Privacy Loss as a Random Variable

This post will be about differential privacy (DP), with a focus on what is often referred to in the differential privacy literature (often colloquially) as “privacy loss”. A brief recap of the setting: a trusted data curator has a database of sensitive information about individuals. The curator wants to release aggregate statistical information about the data, without compromising any individual’s privacy. Differential privacy (DP), due to Cynthia Dwork, Frank Mcsherry, Kobbi Nissim and Adam Smith, is a rigorous framework and security definition for algorithms that operate on sensitive data and publish aggregate statistics. Differential privacy aims to prevent any individual’s privacy from being compromised. Two unique advantages of differential privacy are: (1) it resists linkage attacks and auxiliary information, (2) it supplies a quantifiable measure of harm incurred by individuals and composes nicely.

In this blog post I’d like to discuss the second property. I’ll focus on a quantitive measure of “harm” incurred by an individual. In a future post I’ll build on this and elaborate on the “nice” composition properties of Differential Privacy, based on work with Cynthia Dwork and Salil Vadhan, and also on more recent work with Cynthia Dwork (but, since I couldn’t resist, I’ll give a couple of teasers about composition in this post).

Differential Privacy: Definition. An algorithm {A} (often referred to as a mechanism in the DP literature) satisfies {\epsilon}-DP if for any database {DB}, an individual’s record {I}, and event {S} (over {A}‘s output space), the probabilities (over the {A}‘s coins), that event {S} occurs when {A} is run on: (1) the database {(DB+I)}, comprising all records in {DB} together with record {I}, (2) the database {DB} (without record {I}), are roughly similar: they are within a small multiplicative factor (close to 1) of each other.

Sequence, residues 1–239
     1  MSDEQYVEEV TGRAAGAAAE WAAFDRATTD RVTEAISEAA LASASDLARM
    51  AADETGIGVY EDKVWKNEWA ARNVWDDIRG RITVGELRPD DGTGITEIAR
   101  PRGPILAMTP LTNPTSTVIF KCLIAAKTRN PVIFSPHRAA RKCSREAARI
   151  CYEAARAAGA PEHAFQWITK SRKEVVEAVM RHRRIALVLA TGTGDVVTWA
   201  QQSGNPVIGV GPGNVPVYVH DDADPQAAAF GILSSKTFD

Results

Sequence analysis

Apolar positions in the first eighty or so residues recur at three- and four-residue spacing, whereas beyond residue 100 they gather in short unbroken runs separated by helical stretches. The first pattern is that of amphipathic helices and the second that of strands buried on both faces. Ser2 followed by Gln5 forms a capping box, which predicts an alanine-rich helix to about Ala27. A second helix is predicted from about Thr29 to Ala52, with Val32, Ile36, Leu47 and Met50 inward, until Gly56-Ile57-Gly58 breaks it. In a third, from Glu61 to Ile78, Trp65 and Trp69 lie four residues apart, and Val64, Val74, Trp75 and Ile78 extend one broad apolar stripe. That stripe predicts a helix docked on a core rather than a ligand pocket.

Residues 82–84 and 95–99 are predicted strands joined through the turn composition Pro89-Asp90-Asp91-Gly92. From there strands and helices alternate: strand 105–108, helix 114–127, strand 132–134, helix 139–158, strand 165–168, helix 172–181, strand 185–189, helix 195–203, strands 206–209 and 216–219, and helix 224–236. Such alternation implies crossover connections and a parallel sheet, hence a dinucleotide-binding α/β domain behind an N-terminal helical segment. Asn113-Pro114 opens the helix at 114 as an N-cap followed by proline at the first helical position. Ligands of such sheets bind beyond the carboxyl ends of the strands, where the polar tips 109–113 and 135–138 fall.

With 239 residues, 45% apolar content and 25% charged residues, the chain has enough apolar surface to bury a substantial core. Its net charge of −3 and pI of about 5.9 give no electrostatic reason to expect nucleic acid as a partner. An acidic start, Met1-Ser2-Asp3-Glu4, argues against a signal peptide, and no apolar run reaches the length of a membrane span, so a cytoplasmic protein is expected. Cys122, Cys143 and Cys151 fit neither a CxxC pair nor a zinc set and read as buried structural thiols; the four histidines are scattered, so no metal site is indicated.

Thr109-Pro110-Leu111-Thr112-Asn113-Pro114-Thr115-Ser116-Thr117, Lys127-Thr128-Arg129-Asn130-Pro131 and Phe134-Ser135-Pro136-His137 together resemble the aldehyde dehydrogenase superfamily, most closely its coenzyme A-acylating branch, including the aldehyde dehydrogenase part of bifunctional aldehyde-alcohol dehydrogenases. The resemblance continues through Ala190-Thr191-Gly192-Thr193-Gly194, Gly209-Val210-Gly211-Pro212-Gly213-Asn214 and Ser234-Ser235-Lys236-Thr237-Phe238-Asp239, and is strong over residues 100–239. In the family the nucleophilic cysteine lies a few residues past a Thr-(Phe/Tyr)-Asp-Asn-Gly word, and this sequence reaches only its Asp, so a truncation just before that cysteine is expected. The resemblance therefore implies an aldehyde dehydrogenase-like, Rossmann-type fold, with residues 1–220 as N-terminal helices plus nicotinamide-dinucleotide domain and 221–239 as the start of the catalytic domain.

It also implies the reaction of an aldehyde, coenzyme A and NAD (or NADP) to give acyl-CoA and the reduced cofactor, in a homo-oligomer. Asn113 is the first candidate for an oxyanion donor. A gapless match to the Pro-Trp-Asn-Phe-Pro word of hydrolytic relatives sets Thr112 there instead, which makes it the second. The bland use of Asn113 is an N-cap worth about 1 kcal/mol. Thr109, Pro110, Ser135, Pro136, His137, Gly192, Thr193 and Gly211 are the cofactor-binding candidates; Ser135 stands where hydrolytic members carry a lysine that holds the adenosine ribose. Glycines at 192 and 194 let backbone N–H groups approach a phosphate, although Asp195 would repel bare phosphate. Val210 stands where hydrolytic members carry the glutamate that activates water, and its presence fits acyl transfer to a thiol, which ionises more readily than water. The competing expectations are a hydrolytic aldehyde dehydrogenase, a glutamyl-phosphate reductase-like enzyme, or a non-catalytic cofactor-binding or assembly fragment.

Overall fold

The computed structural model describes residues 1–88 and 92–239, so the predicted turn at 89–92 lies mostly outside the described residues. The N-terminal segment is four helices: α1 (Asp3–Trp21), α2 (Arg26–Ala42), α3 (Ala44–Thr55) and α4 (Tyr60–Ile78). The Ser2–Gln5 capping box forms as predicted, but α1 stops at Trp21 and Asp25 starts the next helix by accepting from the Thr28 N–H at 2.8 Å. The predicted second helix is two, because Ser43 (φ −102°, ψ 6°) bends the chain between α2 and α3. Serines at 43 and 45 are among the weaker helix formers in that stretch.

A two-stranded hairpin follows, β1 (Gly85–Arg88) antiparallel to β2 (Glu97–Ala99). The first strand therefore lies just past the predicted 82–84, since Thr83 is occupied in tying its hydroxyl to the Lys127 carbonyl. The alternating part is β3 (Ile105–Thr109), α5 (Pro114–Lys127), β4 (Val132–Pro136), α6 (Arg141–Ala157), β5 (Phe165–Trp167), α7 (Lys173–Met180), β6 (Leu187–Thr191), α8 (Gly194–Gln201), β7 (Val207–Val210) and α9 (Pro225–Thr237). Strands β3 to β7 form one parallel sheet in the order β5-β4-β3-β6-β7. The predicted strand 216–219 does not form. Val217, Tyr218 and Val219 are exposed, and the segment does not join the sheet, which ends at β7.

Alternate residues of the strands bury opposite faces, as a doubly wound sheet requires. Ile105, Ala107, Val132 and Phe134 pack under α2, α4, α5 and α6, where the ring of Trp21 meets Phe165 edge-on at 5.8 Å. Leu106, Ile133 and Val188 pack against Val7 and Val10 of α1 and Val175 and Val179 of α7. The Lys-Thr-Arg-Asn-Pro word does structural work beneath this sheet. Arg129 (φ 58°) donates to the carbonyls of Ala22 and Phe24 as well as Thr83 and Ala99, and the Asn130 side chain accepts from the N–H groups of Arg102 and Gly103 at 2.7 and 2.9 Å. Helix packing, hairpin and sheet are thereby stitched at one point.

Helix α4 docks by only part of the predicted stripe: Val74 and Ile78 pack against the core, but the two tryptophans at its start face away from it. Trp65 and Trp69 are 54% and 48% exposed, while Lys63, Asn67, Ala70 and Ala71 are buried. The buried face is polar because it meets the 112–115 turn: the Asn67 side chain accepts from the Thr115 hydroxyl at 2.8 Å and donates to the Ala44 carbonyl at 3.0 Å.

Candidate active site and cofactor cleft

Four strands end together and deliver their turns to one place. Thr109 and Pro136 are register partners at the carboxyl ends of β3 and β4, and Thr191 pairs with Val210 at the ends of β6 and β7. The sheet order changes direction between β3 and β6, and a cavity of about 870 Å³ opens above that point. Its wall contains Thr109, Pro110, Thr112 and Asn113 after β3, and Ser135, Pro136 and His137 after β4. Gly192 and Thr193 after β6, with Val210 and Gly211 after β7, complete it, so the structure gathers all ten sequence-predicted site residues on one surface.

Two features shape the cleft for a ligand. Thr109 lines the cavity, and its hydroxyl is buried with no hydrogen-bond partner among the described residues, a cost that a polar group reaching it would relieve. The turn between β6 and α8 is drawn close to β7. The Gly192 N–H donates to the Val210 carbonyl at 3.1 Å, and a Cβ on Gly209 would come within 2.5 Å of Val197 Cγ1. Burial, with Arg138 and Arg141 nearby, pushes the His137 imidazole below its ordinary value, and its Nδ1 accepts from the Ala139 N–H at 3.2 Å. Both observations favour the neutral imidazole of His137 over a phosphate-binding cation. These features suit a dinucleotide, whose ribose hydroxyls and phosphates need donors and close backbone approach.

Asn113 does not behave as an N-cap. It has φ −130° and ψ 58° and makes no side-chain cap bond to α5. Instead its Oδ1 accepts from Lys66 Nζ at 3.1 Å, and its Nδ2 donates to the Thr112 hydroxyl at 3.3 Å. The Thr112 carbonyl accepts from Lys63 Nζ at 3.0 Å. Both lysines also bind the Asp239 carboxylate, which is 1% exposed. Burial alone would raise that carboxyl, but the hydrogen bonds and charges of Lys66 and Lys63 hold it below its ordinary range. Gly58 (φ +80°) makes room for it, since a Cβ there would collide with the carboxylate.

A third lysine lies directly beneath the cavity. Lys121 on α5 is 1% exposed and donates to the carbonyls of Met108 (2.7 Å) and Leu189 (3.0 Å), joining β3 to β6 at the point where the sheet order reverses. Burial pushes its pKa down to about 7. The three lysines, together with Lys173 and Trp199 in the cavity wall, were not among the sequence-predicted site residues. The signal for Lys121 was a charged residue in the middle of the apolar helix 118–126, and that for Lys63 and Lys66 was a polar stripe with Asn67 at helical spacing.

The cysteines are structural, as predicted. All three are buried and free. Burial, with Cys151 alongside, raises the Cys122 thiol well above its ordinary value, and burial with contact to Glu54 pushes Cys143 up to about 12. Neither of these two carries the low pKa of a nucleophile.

More formally, {A} is {\epsilon}-DP iff for all {DB,I,S}:

\displaystyle \left| \ln \frac{\Pr_A [A(DB+I) \in S]}{\Pr_A [A(DB)\in S]} \right| \leq \epsilon

Typically, we think of {\epsilon} as a small positive constant. Intuitively, DP means that any event that can occur when my data are considered, would have occurred with roughly the same probability even if my data were never considered. One interpretation of this guarantee, is that individuals’ participation in the analysis will not lead to significant harm.

Privacy Loss for Outcome {s}. For database {DB}, individual {I}, and outcome {s}, the privacy loss under {s} is:

\displaystyle PrivLoss_A(s)= \ln \frac{\Pr_A[A(DB+I)=s]}{Pr_A[A(DB)=s]}